I have long admired the mythopoetic tradition in curriculum studies. That admiration followed from my experience as a high-school teacher of English in a wealthy suburb of New York City at the end of the 1960s. A “dream” job—I taught four classes of 15–20 students during a nine-period day—in a “dream” suburb (where I could afford to reside only by taking a room in a retired teacher’s house), many of these often Ivy-League-bound students had everything but meaningful lives. This middle-class, Midwestern young teacher was flabbergasted. In one sense, my academic life has been devoted to understanding that searing experience. Matters of meaning seemed paramount in the curriculum field to which Paul Klohr introduced me at Ohio State. Klohr assigned me the work of curriculum theorists such as James B. Macdonald. Like Timothy Leonard (who also studied with Klohr at Ohio State) and Peter Willis, Macdonald (1995) understood that school reform was part of a broader cultural and political crisis in which meaning is but one casualty. In the mythopoetic tradition in curriculum studies, scholars labor to understand this crisis and the conditions for the reconstruction of me- ing in our time, in our schools.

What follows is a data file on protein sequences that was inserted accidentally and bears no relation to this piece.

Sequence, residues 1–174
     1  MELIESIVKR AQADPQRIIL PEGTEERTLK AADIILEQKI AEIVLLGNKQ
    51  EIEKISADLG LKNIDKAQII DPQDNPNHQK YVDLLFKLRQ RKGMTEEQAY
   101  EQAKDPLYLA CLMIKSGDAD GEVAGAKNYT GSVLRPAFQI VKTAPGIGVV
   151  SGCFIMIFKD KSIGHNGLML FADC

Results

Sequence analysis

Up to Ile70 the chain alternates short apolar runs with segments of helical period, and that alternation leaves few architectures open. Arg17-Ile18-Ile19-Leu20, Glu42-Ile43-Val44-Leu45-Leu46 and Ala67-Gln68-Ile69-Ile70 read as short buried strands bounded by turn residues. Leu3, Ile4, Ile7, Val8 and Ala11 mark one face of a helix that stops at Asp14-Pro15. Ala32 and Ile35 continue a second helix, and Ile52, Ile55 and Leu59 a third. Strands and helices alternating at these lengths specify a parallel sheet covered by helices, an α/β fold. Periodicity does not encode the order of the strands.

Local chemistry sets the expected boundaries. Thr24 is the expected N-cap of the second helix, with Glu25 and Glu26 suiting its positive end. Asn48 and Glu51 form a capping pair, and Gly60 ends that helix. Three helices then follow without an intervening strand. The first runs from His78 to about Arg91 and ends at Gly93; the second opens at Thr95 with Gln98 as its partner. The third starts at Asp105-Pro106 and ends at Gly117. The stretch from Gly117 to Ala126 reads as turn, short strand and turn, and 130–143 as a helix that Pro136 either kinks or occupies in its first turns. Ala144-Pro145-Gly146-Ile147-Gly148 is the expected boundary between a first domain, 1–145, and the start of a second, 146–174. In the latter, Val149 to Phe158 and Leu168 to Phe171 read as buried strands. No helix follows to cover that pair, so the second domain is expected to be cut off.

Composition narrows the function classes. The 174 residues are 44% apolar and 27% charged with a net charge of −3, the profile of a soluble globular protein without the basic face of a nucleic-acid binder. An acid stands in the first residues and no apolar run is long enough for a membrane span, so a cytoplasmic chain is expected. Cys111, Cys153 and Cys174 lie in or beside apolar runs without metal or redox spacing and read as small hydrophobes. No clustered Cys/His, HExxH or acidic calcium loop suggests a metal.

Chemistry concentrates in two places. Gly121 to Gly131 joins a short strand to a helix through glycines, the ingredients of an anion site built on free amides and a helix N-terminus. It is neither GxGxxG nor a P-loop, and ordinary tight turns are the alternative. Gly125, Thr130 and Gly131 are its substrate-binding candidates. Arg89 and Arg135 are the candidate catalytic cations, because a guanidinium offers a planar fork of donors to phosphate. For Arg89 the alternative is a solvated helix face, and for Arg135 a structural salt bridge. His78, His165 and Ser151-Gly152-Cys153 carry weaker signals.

The International Handbook of Jewish Education, a two volume publication, brings together scholars and practitioners engaged in the field of Jewish Education and its cognate fields world-wide. Their submissions make a significant contribution to our knowledge of the field of Jewish Education as we start the second decade of the 21st century.
The Handbook is divided broadly into four main sections:
- Vision and Practice: focusing on issues of philosophy, identity and planning –the big issues of Jewish Education.
- Teaching and Learning: focusing on areas of curriculum and engagement
- Applications, focusing on the ways that Jewish Education is transmitted in particular contexts, both formal and informal, for children and adults.